The increasing role of carbon removals is also highlighted in the public consultation questionnaire, where majority of respondents (around 65%, including all categories) calls for 2040 carbon removal targets separate from net emission, and experts from the academic, economic and public sectors are in favour of an important role of the carbon removals. 61% of the papers analysed also comment on carbon removals, with most of them indicating removals instrumental to reach climate neutrality, if complementary to GHG emission reduction at source. There is no clear preferred pathway indicating the contribution of nature-based vs industrial removals. In position papers, the emphasis of forests as carbon sink is underlined, while carbon capture for industrial removals plays an important role for energy-intensive industries to reduce hard-to-abate emissions within the sector. The public consultation indicates a general slight inclination for relying on nature-based removals (around 30% of respondents) or a balanced approach between nature-based and industrial removals (around 27% of respondents). This preference is confirmed also when looking individually at the different stakeholder groups, except for large businesses and SMEs, who expressed by majority a preference for either a balance between nature-based and industrial removals or a stronger reliance on industrial removals.

1.1.2.1.Gross GHG Emissions

The “gross GHG” emissions are defined as the actual GHG emissions excluding the contribution of industrial removals and net LULUCF removals that are part of the computation of “net GHG” emissions meeting EU’s climate objectives for 2030 and 2050.

Figure 1 shows the evolution of EU gross GHG emissions over 1990-2050. In 2021, EU gross emissions achieved around 3570 MtCO2-eq, with a reduction of around 28% compared to 1990 ( 12 ). The trajectory until 2030 is consistent with the Fit-for-55 policy package, where emissions reach around 2300 MtCO2-eq. Post-2030, these emissions keep decreasing in all scenarios, albeit at difference pace by 2040 and beyond. They reach about 400 MtCO2-eq in 2050, when they are compensated by industrial and LULUCF net carbon removals to converge to climate neutrality.

Figure 1: Domestic Gross GHG emissions

Note: Gross GHG emissions represented here include only domestic emissions and excludes industrial carbon removals and the LULUCF net removals.

Source: PRIMES, GAINS.

Table 3 summarises the gross GHG emission by sector. In S1 gross GHG emissions decrease following a linear profile over 2031-2050, reaching around 1270 MtCO2-eq in 2040, which correspond to a decrease of around 75% compared to 1990 levels. Most sectors undergo significant emissions reductions already over 2031-2040, with emissions ranging from around -70% in the domestic transport sectors to about -10% in agriculture. The S2 scenario achieves further reductions of gross GHG emissions by 2040, reaching around 940 MtCO2-eq or 80% reduction compared to 1990. Significant additional reductions with respect to S1 take place notably in power and heat, industry and agriculture. The S3 scenario achieves a reduction of around 85% in 2040, driven by extra reductions to S2 in all sectors, including the industry sector, where they are triggered by higher recourse to carbon capture and storage of fossil fuels (see section 1.1.3.2 ), the power system, buildings and transport. LIFE, which aims at the same overall reduction as S3, redistributes gross emissions across the different sectors. While energy and industry sectors reduce to a level intermediate between S2 and S3, mostly due to a lower use of e-fuels and DACC, agriculture emissions reduce more than in S3.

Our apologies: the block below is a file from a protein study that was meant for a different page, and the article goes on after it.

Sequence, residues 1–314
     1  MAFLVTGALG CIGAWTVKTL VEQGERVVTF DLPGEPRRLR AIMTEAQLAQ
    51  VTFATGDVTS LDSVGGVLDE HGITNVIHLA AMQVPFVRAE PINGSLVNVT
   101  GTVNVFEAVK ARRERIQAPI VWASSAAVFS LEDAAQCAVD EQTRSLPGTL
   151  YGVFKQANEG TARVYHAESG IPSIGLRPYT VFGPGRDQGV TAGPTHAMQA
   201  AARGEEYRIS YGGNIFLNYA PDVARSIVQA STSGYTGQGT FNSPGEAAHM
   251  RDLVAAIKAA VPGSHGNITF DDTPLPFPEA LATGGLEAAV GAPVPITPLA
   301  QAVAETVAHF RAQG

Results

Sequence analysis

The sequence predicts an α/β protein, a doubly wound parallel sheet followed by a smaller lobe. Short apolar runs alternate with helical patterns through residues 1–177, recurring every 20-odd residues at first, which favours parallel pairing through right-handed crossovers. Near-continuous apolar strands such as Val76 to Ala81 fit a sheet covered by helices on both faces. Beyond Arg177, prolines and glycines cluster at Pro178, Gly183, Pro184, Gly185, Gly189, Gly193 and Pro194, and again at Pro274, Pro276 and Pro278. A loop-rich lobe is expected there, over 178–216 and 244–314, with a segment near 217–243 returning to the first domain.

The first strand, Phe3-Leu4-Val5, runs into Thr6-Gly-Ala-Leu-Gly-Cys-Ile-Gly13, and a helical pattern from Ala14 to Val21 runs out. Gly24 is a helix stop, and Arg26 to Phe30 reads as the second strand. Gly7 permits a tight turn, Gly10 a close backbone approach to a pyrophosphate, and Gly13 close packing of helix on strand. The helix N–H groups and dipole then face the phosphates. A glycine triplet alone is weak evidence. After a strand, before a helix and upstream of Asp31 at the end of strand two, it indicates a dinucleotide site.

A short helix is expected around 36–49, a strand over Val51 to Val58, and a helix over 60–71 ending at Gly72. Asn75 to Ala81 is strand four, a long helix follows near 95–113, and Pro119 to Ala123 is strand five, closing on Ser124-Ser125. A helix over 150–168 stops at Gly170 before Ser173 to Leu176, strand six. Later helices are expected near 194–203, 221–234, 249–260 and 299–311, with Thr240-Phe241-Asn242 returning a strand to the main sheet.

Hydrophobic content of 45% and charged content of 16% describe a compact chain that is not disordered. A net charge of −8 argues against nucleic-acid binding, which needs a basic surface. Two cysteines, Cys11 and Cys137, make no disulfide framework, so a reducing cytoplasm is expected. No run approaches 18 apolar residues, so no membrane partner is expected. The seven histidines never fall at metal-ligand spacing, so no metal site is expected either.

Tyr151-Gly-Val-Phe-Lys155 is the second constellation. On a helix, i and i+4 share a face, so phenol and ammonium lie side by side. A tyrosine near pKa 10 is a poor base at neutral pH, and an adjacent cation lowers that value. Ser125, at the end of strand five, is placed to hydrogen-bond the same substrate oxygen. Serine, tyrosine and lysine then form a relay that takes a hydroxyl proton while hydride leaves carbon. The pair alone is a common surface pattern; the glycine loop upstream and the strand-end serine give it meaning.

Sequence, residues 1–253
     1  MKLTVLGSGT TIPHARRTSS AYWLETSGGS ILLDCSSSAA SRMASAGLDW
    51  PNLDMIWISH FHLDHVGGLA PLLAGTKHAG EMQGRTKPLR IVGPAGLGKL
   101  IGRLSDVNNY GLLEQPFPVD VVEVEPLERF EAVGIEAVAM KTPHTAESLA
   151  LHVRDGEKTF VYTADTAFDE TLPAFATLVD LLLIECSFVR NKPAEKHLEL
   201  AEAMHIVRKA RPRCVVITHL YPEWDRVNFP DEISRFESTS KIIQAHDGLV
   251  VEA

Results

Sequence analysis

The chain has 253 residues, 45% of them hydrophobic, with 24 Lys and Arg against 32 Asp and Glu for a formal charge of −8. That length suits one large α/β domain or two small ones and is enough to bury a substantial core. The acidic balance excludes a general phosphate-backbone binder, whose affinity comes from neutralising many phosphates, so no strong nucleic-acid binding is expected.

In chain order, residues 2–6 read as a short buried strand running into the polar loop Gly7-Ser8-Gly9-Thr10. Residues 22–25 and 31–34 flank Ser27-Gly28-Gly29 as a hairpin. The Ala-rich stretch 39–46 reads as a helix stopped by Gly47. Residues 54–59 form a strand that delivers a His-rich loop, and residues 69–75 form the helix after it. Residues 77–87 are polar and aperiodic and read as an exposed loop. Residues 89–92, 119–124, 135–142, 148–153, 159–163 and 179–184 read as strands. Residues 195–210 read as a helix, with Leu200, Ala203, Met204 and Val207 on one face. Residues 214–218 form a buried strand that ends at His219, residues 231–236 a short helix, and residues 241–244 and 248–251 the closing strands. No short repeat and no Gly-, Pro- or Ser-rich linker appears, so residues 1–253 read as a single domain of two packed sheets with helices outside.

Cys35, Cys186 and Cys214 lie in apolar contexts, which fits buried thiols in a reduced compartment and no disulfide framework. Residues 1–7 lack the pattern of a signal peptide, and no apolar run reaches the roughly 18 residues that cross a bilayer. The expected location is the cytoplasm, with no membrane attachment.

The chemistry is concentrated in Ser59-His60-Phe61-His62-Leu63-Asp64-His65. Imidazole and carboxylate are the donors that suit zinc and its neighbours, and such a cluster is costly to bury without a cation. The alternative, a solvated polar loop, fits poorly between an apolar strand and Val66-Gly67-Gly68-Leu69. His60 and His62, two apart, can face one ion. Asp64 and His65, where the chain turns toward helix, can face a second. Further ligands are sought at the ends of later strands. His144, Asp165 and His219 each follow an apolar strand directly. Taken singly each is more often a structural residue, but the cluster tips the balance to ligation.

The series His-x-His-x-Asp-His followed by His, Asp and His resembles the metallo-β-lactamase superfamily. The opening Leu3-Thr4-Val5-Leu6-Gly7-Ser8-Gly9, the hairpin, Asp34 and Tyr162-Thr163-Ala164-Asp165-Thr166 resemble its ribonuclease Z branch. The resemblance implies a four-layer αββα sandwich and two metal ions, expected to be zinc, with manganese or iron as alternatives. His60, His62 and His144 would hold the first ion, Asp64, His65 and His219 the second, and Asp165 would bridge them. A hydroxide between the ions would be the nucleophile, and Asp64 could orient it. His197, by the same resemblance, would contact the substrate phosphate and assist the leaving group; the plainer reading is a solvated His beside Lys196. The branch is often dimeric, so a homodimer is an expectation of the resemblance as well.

Table 3: Gross GHG emissions

 MtCO2-eq

2005

2015

2030

2040

2050

 

S1

S2

S3

LIFE

S1

S2

S3

LIFE

Total Gross GHG Emissions

4641

3914

2301

1273

943

748

740

416

413

411

360

Power and district heating

1300

1012

339

123

42

23

34

21

22

19

15

Other Energy sectors*

277

237

133

71

59

53

57

39

39

38

36

Industry (Energy)

469

360

232

126

94

75

86

6

6

9

11

Domestic Transport

822

772

583

190

143

120

134

10

8

7

9

Residential and Services**

648

514

221

119

92

75

92

20

19

19

29

Industry (Non-Energy)

343

233

157

139

88

14

13

7

7

7

7

Other Non-Energy sectors***

101

130

56

33

26

25

25

23

22

22

22

International transport (target scope)

Intra-EU aviation

35

38

43

31

29

28

14

14

12

11

10

Intra-EU navigation

31

27

25

7

6

4

0

0

0

0

0

50% extra-EU maritime MRV

50

42

44

14

11

9

0

0

0

0

0

Agriculture****

390

385

361

351

302

271

209

249

249

249

194

Waste

155

118

87

68

55

55

55

32

32

32

.32

CO2 calibration

15

43

24

3

-1

-1

-1

0

0

0

0

Non-CO2 calibration

5

2

-3

-3

-3

-3

-3

-3

-3

-3

-3

Memo Items

International aviation
(Intra-EU and Extra-EU)

96

103

117

83

80

78

73

38

34

31

27

International maritime
(Intra-EU and Extra EU)

152

129

134

41

33

25

33

0

0

0

0

Note: Calibration of total to inventory 2023. *Includes emissions from energy branch and other non-CO2 emissions from the energy sector; **Includes fossil fuel combustion in the agriculture/fishery/forestry sector; ***Includes CO2 fugitive emissions and non-CO2 emissions from direct use or specific products (e.g., aerosols, foams, etc). **** Excludes fossil fuel combustion in the sector, but includes “category 3” CO2 emissions, assumed constant at 10 MtCO2.

Source: PRIMES, GAINS.

Sectors that reduce little in 2031-2040 accelerate their decarbonisation in the 2041-2050 decade, while sectors that have already reached low emissions levels by 2040, maintain or slow down the reduction rate by 2050, leading to a balanced contribution to climate neutrality for all sectors across 2030-2050. Overall, gross GHG emissions in 2050 reduce to -92% vs 1990 across all scenarios.

1.1.2.2.Nature-based carbon removals